Renal dysfunction is a common complication in severe COVID-19 cases. The kidneys are susceptible to SARS-CoV-2 infection, with the virus targeting renal tubular epithelial cells. Ferroptotic cell death has been observed in renal tissues of COVID-19 patients, accompanied by lipid peroxidation and decreased expression of GPX4 (Akhtar et al., 2020).
The dysregulation of iron metabolism and lipid peroxidation in the kidneys contributes to acute kidney injury (AKI) in COVID-19 patients (Bolisetty and Agarwal, 2019).
Neurological manifestations in COVID-19 include anosmia, ageusia, headache, dizziness, encephalopathy, stroke, and seizures. Ferroptosis has been implicated in COVID-19-related neurological complications.
The brain is vulnerable to oxidative stress and inflammation induced by SARS-CoV-2 infection (Mehta et al., 2020). Increased lipid peroxidation and altered expression of ferroptosis-related genes have been observed in the brains of COVID-19 patients, suggesting a potential role of ferroptosis in neuroinflammation and neuronal damage (Song et al., 2021).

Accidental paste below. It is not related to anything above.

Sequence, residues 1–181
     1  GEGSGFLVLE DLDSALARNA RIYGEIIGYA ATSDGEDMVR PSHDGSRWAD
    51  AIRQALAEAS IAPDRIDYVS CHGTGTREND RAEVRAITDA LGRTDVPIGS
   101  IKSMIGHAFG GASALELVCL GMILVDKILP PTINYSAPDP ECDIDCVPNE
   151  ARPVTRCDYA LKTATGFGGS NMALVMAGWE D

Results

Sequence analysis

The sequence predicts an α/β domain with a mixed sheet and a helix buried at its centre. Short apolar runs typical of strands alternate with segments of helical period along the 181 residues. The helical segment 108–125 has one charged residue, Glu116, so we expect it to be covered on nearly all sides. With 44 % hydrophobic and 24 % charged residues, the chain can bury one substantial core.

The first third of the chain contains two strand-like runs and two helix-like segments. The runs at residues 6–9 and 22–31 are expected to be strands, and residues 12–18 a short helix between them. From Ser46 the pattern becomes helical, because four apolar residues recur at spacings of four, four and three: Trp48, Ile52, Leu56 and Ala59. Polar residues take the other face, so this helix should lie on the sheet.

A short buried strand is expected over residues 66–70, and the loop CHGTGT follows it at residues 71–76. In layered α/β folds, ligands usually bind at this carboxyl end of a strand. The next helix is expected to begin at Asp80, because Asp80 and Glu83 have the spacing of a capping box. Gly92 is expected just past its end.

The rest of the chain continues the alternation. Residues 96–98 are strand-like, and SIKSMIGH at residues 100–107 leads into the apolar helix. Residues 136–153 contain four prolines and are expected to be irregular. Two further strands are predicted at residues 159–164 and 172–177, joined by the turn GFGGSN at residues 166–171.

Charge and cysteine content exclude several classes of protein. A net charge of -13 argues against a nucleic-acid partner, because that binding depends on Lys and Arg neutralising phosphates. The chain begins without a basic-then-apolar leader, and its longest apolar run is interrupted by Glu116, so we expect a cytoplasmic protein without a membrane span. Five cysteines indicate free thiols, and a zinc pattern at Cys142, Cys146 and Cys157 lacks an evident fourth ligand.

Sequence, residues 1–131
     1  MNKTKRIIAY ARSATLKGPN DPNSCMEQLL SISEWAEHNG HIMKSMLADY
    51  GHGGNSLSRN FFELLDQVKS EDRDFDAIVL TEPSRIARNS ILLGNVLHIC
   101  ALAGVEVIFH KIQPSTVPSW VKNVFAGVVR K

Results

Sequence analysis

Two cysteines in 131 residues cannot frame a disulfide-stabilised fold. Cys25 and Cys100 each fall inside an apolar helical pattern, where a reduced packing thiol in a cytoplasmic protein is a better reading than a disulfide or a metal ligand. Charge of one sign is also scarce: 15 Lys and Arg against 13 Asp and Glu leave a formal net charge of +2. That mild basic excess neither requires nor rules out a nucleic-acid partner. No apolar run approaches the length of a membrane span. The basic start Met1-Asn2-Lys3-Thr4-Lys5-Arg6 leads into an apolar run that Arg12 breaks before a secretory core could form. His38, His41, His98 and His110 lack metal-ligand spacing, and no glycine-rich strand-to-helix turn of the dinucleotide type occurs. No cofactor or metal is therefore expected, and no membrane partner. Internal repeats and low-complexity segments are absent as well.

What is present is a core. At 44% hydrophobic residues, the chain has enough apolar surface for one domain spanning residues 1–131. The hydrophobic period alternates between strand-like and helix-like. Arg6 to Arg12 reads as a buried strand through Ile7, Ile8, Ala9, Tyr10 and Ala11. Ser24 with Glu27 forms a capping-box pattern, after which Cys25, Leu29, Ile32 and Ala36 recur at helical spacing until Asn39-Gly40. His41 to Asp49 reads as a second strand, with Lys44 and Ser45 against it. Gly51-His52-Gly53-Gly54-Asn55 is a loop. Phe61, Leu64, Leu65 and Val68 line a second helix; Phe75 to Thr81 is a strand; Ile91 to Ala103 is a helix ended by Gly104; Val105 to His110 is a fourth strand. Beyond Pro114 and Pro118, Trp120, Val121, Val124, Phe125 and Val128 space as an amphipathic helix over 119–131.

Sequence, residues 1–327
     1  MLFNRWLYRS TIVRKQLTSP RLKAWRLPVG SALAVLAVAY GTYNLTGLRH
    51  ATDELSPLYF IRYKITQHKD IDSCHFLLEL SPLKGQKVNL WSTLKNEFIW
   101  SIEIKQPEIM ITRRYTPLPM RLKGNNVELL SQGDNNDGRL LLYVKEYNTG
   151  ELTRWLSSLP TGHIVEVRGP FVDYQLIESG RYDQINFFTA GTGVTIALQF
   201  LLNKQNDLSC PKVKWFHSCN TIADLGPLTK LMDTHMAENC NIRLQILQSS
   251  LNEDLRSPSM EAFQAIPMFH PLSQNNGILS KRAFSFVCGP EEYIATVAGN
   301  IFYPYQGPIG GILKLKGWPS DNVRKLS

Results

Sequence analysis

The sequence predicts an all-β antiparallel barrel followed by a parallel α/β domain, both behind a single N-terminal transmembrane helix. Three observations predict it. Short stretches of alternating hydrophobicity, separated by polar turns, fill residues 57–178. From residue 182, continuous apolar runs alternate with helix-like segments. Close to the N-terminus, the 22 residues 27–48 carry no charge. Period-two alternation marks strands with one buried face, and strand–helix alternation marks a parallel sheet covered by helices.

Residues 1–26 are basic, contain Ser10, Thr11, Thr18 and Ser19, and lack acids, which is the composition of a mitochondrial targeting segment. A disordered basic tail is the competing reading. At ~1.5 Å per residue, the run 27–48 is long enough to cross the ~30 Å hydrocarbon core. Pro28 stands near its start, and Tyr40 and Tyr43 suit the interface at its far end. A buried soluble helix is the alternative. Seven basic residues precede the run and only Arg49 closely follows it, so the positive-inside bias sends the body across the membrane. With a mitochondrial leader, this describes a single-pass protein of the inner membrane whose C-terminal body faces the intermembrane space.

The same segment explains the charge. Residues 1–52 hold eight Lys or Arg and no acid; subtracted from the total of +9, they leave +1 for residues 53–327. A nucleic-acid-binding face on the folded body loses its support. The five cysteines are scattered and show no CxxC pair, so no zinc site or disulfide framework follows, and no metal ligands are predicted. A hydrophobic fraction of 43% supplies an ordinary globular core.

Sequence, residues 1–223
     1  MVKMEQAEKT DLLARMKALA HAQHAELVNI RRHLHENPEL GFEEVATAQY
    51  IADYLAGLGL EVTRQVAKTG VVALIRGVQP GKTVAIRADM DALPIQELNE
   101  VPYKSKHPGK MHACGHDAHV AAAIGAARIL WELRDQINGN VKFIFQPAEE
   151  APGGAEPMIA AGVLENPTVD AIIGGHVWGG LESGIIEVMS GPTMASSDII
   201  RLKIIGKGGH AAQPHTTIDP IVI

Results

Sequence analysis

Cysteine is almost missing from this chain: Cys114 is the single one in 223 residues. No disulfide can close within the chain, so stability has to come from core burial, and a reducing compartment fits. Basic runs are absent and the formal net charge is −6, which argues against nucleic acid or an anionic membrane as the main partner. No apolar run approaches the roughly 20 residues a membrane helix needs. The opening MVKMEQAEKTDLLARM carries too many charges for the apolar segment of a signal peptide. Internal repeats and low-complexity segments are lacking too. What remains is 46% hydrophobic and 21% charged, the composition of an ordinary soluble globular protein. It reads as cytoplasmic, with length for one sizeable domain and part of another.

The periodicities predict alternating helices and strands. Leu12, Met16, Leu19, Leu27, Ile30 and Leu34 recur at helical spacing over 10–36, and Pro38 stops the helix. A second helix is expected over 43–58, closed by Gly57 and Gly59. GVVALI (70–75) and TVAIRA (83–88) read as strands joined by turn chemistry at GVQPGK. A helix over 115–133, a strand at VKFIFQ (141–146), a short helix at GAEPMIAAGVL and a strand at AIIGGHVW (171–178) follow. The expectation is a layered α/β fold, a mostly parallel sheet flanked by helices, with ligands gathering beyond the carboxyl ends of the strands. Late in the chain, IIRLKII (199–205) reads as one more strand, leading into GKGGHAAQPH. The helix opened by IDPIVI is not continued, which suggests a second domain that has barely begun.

Gastrointestinal (GI) symptoms such as diarrhea, nausea, vomiting, and abdominal pain have been reported in COVID-19 patients. The GI tract expresses high levels of angiotensin-converting enzyme 2 (ACE2), the receptor for SARS-CoV-2 entry (Hashimoto et al., 2020).
Ferroptosis has been implicated in the pathogenesis of GI complications in COVID-19, including mucosal injury and intestinal barrier dysfunction (Yang et al., 2020). Increased lipid peroxidation and decreased GPX4 expression have been observed in the intestines of COVID-19 patients.
Hepatic involvement in COVID-19 is characterized by liver dysfunction and elevated liver enzymes. The liver plays a crucial role in maintaining iron homeostasis and detoxification processes, making it susceptible to ferroptotic cell death. Studies have shown increased lipid peroxidation and altered expression of ferroptosis-related markers in the liver tissues of COVID-19 patients, indicating the potential involvement of ferroptosis in liver damage and dysfunction (Nguyen et al., 2021).
Mechanisms of Ferroptosis in COVID-19